Home' Australian Resources and Investment : March 2010 Contents 166 • MARCH 2010 • AUSTRALIAN RESOURCES & INVESTMENT
Since October 2009 oil price growth has been hamstrung, with
prices tracking sideways over the past four months (see Graph
1). Concerns surrounding the very large surplus in the oil
market have tempered price rises, while any moderation has
been limited by short‐term investor optimism and occasional weakness
in the US dollar. In month average terms, the price of West Texas
Intermediate (WTI) rose 5.1 per cent in January, averaging around
US$78 per barrel.
While Tapis prices rose more modestly in the month, by 1.3 per
cent, they are currently retaining their trading premium to WTI -- a
reflection of the higher quality of this Malaysian sweet and light crude
benchmark. Brent prices rose by 2.4 per cent in January, trading at an
average price of US$76.60 per barrel in the month. As we have noted
since early this year, the global economic recovery is likely to be a
gradual process and, in trend terms, oil price movements have come to
reflect this view. Indeed, substantial headwinds to growth are expected
to linger for some time, in the form of weak labour markets, more
restrictive future government policy and further financial de‐leveraging
by households and businesses.
GLOBAL OIL DEMAND REMAINS WEAK
Demand conditions in the oil market remain weak. While growth in
non‐Japan Asia has recovered faster than expected, industrial
production in most large developed economies continues to only display
modest signs of recovery. In addition, global transport activity
continues to languish as households in many economies face ongoing
hardship and businesses attempt to reduce costs.
In the January NAB Oil Market Report, the International Energy
Agency (IEA) left their forecast for global oil demand in 2009 and 2010
little changed. This reflected strength in non‐OECD countries offsetting
weaker European and North American demand conditions. The IEA
currently anticipate demand averaging 84.9 mb/d in 2009 before
picking up to 86.3 mb/d in 2010. For oil products, current weak demand
in North America entirely owes to the US, with both Mexico and Canada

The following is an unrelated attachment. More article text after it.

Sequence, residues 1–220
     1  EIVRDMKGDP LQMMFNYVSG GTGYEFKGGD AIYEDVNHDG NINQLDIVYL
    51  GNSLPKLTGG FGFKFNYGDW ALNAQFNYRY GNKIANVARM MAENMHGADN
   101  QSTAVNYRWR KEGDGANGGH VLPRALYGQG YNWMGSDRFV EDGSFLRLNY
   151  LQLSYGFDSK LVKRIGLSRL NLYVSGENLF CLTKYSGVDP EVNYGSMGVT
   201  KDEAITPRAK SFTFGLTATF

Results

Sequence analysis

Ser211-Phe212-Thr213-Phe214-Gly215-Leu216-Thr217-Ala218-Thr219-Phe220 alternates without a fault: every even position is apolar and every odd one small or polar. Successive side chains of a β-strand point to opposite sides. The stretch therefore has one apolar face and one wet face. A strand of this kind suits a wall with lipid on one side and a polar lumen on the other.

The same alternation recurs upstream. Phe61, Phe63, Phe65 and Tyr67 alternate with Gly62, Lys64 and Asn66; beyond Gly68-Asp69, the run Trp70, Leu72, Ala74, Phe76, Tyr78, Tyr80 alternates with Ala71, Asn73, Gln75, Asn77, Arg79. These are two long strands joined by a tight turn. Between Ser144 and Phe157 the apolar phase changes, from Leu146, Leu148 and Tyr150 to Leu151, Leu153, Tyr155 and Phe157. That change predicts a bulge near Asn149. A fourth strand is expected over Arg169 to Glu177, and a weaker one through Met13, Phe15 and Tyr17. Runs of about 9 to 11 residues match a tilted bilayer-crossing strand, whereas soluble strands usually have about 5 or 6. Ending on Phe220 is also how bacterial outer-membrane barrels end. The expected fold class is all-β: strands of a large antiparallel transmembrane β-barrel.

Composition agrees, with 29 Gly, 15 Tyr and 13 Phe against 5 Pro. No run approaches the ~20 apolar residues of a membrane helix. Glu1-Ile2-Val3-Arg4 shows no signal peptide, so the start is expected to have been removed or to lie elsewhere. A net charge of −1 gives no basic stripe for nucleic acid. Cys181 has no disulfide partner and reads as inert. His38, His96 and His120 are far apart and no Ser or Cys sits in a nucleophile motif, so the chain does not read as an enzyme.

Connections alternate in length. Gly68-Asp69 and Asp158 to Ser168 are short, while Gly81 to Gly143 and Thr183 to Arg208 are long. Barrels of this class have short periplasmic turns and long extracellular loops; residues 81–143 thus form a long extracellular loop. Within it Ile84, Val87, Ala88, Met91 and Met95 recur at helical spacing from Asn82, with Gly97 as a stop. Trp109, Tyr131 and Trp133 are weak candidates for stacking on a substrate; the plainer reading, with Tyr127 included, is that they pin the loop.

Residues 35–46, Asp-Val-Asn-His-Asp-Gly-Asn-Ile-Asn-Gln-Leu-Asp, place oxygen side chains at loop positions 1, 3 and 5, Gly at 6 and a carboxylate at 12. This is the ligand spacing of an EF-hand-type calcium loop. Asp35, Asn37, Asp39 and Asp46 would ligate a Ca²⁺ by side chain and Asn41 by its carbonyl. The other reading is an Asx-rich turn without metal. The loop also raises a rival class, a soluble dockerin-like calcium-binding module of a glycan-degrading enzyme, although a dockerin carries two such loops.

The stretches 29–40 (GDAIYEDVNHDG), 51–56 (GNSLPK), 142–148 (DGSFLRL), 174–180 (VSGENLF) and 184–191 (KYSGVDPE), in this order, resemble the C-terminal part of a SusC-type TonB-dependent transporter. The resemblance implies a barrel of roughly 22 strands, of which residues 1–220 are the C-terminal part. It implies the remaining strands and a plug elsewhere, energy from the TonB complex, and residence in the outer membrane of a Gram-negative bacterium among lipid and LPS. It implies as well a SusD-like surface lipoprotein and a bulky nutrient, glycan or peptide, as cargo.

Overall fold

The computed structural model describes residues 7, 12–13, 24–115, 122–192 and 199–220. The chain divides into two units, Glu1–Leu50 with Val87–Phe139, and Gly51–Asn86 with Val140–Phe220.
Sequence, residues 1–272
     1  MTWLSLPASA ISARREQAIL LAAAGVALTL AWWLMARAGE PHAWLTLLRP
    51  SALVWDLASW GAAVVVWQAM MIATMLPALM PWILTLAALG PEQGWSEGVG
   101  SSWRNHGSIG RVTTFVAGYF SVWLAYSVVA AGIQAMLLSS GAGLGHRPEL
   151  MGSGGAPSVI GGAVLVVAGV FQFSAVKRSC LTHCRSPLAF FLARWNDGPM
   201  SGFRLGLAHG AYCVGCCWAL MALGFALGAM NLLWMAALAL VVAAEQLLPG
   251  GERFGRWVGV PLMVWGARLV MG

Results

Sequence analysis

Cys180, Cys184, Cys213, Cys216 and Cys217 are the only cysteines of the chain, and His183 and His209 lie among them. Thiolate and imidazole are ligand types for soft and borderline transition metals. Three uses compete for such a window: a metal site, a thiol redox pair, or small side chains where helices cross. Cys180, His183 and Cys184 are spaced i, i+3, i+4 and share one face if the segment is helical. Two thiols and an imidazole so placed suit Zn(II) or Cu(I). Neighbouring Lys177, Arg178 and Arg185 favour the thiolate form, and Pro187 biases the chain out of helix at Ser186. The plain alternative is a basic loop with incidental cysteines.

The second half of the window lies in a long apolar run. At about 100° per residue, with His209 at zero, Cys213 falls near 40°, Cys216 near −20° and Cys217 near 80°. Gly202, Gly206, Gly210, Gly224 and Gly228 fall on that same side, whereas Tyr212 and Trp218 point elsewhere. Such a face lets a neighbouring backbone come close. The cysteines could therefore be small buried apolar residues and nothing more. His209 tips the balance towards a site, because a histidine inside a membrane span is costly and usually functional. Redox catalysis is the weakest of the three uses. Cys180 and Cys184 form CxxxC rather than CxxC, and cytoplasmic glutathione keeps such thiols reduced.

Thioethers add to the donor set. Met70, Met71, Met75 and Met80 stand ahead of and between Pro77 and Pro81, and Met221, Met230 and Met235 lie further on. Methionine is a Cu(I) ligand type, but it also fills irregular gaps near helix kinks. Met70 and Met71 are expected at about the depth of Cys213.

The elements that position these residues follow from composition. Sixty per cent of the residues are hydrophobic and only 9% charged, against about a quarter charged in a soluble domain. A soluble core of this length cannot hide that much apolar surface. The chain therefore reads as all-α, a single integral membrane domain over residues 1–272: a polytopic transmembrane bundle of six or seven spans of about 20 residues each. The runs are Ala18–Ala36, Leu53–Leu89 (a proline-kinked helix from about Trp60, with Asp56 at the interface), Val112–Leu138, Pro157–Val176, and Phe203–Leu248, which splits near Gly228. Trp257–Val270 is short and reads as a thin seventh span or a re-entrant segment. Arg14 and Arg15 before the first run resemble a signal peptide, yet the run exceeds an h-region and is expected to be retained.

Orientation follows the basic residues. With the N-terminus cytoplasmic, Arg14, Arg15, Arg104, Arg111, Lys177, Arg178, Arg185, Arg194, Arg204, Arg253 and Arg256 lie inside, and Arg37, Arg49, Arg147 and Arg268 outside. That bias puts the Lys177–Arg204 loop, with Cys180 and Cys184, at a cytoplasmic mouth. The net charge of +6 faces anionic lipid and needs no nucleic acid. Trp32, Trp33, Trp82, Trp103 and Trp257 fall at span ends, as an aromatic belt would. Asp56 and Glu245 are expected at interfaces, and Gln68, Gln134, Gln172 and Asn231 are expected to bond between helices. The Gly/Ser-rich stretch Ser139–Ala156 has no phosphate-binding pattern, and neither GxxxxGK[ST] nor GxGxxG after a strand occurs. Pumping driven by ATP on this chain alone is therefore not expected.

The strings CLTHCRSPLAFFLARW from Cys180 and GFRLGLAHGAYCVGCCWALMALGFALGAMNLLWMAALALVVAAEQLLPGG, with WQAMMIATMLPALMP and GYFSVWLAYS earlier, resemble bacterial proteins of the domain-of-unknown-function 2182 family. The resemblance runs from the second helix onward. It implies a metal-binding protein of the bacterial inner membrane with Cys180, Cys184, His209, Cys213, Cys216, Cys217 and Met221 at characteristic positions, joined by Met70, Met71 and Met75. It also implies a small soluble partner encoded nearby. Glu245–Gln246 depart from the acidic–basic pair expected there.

reporting positive demand growth. Nevertheless, while still contracting,
inland deliveries of oil products in the US are showing signs of
improvement (on a trend basis).
Much has been made of the role of the colder than expected
northern hemisphere winter in sparking the rise in oil prices over
late‐December and the first week of January. In the US, the National
Oceanic and Atmospheric Administration reported that temperatures in
December were 3.2 degrees F below average. However, the IEA have
been quick to emphasise the relatively small contribution of heating as
a source of OECD oil demand, especially as consumers exhibit a
heightening preference for 'cleaner' sources of energy such as natural
gas. Despite temperatures over 2 degrees F cooler than the previous
December, US heating oil deliveries were around one third lower in
Sales of passenger motor vehicles in China picked up noticeably
over 2009, partially owing to the introduction of government incentives
as the growing middle class embark upon car ownership (see Graph 2).
Most effectively, the government cut the sales tax on motor vehicles
that have engines smaller than 1.6cc from 10 per cent to 5 per cent.
While, in itself, increased car sales will translate into an increase in
refined oil demand, the fact that the flow of vehicles entering the
market consume fuel less intensively means that the impact on oil
markets has been less pronounced than otherwise expected. This was
seen by motor gasoline demand in China increasing by a relatively
modest 3.2 per cent in 2009. In addition, reports of strong refinery runs
causing an increase in gasoline supplies in China raises the possibility
of weaker Chinese oil imports (albeit from very strong levels) over the
coming period (Graph 3).
GRAPH 2 CHINA - PASSENGER CAR SALES
GRAPH 3 CHINESE OIL IMPORTS
The upward pressure on the oil price in the opening weeks of
January was also a result of strong investment demand in the market.
By early January, the Organisation of Petroleum Exporting Countries
(OPEC) reported that money managers had increased net long positions
by over 70 per cent from the start of December 2009.
GLOBAL OIL SUPPLY EXPECTED TO FALL IN 2010
Data released during the month showed that global oil production in
December 2009 rose by 270tb/d to 86.2mb/d.
Nevertheless, the IEA estimates that over 2010 non‐OPEC supply
will fall to 70.2mb/d from 70.6mb/d in 2009. This decline is mostly
attributable to falling oil production in Europe.
OPEC crude oil production rose to 29.14mb/d in December 2009, an
increase of 78tb/d from the previous month. For those countries
governed by production targets, increased oil supply caused their
compliance rate to fall to 58 per cent in December, down from 60 per
cent one month earlier. The rise in supply was largely attributable to
increased production in both Nigeria and the United Arab Emirates
where oil supply increased by more than 40tb/d each.
Part of the increase in Nigerian production relates to some easing
of tensions between the government and the Movement for the
Oil Markets on a slippery slope
MINERALS & ENERGY: BEN WESTMORE
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